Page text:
A run through the sea on St Andrews’ fine sands this evening restored my equilibrium and reassured me that the conversion to nomad is almost complete. Time will tell if my iphone’s unscheduled salty dip has an equally happy outcome.

 

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Van with a View (2)

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A taste of the Kyle of Tongue

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Like escapees from an unruly chess board, the march of death climbs up and over the hill. They’re grandiose tombstones in an elemental place ; oversized queens, bishops and knights heading for the shallow, sandy waters of Tongue Bay.  Next stop the Atlantic Ocean.

Our day was long and unhurried. We’d no heavy packs on our backs and no transport south until tomorrow. Misty views to the hills beyond the Kyle meant walking across the long causeway was slow, and I pitied the cars and vans their flashes of scenery while we paused every few steps to breathe in ever changing Ben Loyal. Ahead of us all the time was the stark cemetery on the hill.

No insects pestered us today but still I itched. New red blotches had burst into life. And just above my knee this morning I discovered a tick already swelling, its jaws firmly clamped in my flesh. I wielded  my new tick-tweezers and twisted then squashed the parasite, watching my blood seep out and wondering if this one carried Lyme’s Disease.

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The graveyard was a haven of heather and mosses, wild flowers and a strong rusty lichen that was stark against the cool grey stone; Caloplaca marina, I think. Calos in Greek means nice, placa  is shield, so Caloplaca ‘beautiful patches’. And so they are.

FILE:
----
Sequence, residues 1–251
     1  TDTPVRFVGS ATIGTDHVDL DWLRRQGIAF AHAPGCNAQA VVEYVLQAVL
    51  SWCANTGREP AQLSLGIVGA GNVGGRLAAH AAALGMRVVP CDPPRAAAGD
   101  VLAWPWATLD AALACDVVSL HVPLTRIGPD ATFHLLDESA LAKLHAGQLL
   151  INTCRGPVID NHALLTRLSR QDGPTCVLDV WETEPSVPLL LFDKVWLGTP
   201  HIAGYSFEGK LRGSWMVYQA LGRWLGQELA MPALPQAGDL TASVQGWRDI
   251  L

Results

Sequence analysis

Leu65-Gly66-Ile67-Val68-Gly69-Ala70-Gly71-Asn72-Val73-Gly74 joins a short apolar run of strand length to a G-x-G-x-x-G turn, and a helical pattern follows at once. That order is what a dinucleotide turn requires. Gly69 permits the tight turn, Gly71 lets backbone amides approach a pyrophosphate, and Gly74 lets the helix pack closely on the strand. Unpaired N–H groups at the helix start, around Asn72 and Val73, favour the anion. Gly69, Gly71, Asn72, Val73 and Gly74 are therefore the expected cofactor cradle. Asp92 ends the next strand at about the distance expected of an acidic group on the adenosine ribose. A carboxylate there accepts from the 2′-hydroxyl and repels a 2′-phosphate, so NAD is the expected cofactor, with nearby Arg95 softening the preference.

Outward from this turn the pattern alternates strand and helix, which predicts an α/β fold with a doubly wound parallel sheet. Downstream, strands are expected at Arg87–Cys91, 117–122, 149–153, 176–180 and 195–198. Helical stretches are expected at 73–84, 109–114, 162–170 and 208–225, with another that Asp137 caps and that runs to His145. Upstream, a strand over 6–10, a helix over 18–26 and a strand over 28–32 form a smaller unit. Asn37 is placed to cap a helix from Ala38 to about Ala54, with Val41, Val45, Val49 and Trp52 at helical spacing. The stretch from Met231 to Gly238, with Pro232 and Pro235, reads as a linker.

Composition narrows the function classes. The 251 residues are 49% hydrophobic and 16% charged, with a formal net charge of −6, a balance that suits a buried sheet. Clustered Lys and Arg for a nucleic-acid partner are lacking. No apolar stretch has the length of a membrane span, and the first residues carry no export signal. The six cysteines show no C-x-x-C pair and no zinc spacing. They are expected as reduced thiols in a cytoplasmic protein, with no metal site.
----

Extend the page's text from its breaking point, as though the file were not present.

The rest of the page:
Slowly the tide emptied, leaving vast sandy flats, exposing acres of seaweed and racks of farmed mussel beds. Tractors and trailers crept over the soft sand, seagulls called on them for scraps  and the clear northern light bounced against the beach.

I had just a few hours of wandering, watching and listening while, up on the hill, the tombstones maintained a much longer vigil. A hundred years, and counting…

The thin line between adventure … and a forced march

 

The lonely Moine Path from Loch Hope to the Kyle of Tongue

The lonely Moine Path from Loch Hope to the Kyle of Tongue. We didn’t see another soul all day.

The next eight hours looked grim.

I  had a splitting headache, nausea and 15 miles to walk across boggy, inhospitable ground and empty roads before there was any prospect of a hostel bed. An overdose of cleg poison was the only explanation for the alien symptoms.

Ill as I felt, there was no alternative to walking. No cars. No houses. No people. But hey, this was an adventure, wasn’t it? I popped some pills, heaved on my pack and we set off.

I figured we could do the most isolated bit in four hours if I just kept my head down and followed Noreen’s relentless red socks all the way across the bog. And we almost did.

The first 10 miles were the worst, up and over the 1000 year old Moine Path (henceforth remembered as the Vomit Path – too much information?) a raised track across tussocky moorland between the great rocky strongholds of Ben Hope and Ben Loyal. After nine miles I lay down on a stone and slept, spontaneously, and woke after 20 minutes, feeling decidedly better.

One of the beautifully built bridges that keeps the ancient path drier than the surrounding bog

One of the beautifully built bridges that keeps the ancient path drier than the surrounding bog

By the time we reached the village of Tongue on the far north coast I’d made a full recovery and we celebrated the end of the trail with an ice cream at the small shop.

And life got even better when Julia, the fantastic warden of the Youth Hostel spotted our rucksacks outside the Post Office and popped in to see if we wanted a lift to our beds. We knocked her down in the rush.

I bought shampoo and had a long, blissful shower which was only marred by the revelation of considerable insect damage. We doctored our bites with antihistamine and hydrocortisone  then drank cup after cup of tea while we laughed and relived our adventure from the comfort of a soft armchair.

Finally I picked up a thriller from the hostel shelves and lost myself in someone else’s drama; so much less stressful than one’s own.

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We walked towards Ben Loyal, a beacon across the moor, and were finally rewarded with a view from a different perspective